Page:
Prospect Retrospective: Victor Martinez

Victor Martinez - Gregory Shamus

A decade ago, Detroit Tigers DH Victor Martinez was one of the top prospects in baseball. Here's a look at how his career developed.

Victor Martinez of the Detroit Tigers is in the news this morning after leaving Game Three of the American League Championship Series with a leg cramp yesterday. This seems like the perfect time to finish the Prospect Retrospective for Martinez that several readers asked me to do over the last month.

Victor Martinez was signed by the Cleveland Indians as a free agent out of Venezuela in 1996. Initially unheralded, he spent 1997 and 1998 playing in the Venezuelan Summer League. In 1999 he jumped up to Mahoning Valley in the New York-Penn League, hitting .277/.346/.366 in 235 at-bats. He didn't have much power at that point and didn't stand out as a hot prospect, but he controlled the strike zone reasonably and drew credit for solid defensive tools, although he needed more polish.

2000 was a tough year: he missed most of the campaign with shoulder problems, although he did show some intriguing ability by hitting .371 in 21 games for Columbus in the South Atlantic League. 2001 was better: healthy again, he .329/.394/.488 with 10 homers, 39 walks, and 60 strikeouts in 114 games for Kinston in the Carolina League.

His slash line was pretty and his overall production was very strong given the context, with an OPS 31 percent better than league average. Although he made 16 errors behind the plate and threw out a below average 29% of runners, he was still considered quite promising on defense. His arm wasn't as strong as it had been pre-injury, but he was mobile and called a good game. I gave him a Grade B- in my 2002 book, but noted that he needed to be watched closely.

2002 was even better: he hit .336/.417/.576 with 40 doubles, 22 homers, 58 walks, and just 62 strikeouts in 121 games for Double-A Akron. He led the Eastern League in OPS, SLG, OBP, and batting average. Not surprisingly, he was named league MVP. He held his own in a September trial with the Indians, hitting .281/.333/.406 in 12 games. The only negative was defense. He blocked well and was considered a top field general and leader for the pitching staff, but his throwing remained problematic, his arm not having fully recovered from the '00 injuries.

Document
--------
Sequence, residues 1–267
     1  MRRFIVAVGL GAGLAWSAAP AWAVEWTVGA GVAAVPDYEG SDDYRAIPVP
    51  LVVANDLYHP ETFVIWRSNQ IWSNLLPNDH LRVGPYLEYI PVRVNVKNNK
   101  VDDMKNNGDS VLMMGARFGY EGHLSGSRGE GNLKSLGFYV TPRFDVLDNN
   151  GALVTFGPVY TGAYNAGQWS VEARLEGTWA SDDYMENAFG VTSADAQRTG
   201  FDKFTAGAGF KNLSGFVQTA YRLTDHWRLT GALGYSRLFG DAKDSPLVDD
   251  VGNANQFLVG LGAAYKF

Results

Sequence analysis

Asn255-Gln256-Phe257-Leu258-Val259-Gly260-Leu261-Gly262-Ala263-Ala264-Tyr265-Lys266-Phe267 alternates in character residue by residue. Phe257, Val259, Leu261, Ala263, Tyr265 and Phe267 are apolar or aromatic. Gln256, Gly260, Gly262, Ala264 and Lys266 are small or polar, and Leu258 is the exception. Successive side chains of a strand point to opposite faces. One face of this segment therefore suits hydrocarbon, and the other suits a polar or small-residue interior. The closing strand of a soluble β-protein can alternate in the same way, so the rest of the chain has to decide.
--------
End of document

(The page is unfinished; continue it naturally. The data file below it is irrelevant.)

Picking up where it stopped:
Still, his bat made him a Grade A prospect. I ranked Martinez as the Number Three hitting prospect in baseball, behind Mark Teixeira and Joe Mauer.(who was in A-ball at the time).

Martinez split 2003 between Triple-A Buffalo (.328/.395/.474 in 74 games) and Cleveland (.289/.345/.333 in 49 games, exceeding rookie qualifications with 159 at-bats). There was some whining that he didn't hit for power right away in the majors, but that disappeared quickly after he hit .283/.359/.492 with 23 homers and 38 doubles in 2004.

As you know, Martinez has been a very productive hitter ever since. Injuries and age eventually moved him over to first base and now DH, but when healthy he has continued to hit extremely well. In 11 seasons with the Indians, Red Sox, and Tigers, Martinez has hit .303/.369/.464, OPS+121, wRC+120. From age 25 on, he has hit over .300 every year except when injured in 2008, remarkably consistent production.

According to fWAR, his best season was 2007 with a 5.4 mark and a .301/.374/.505 line, 25 homers, 40 doubles, and 114 RBI. Career-wise, his fWAR stands at 28.8.

His value has sagged as he becomes less viable defensively and fWAR isn't wild about his 2013 season, giving him a mere 0.9 as a mostly-DH this year, although his standard numbers (.301/.355/.430, 14 homers, 36 doubles, wRC+112) are nothing to complain about. At age 34 he is on the downslope of his career, but his bat is still solid.

In career terms, Martinez Sim Score Comp List through age 34 looks weird and includes many non-catchers: Rich Aurilia, Barry Larkin, Carlos Baerga, Alvin Dark, Chase Utley, Carlos Guillen, Red Kress, Gabby Hartnett, Mike Lowell, and Ken Caminiti. This is an All-Star catcher who hit more like an All-Star infielder.

In WAR terms, his 28.8 mark ranks him 43rd all-time among catchers, in the neighborhood with Elston Howard (31.3), Walker Cooper (29.8), Jack Clements (28.9), Mickey Tettleton (28.5), Mike Scioscia (28.5), and Terry Steinbach (28.0) among catchers with a similar amount of playing time, although the way that each of those guy generated their WAR value differed.

As a prospect, Martinez featured an attractive combination of plate discipline, a low strikeout rate, batting average, on-base ability, and moderate power that increased over time as he matured. His defense wasn't great, especially after he hurt his arm, but it was good enough, and that's exactly the player he became in the majors.


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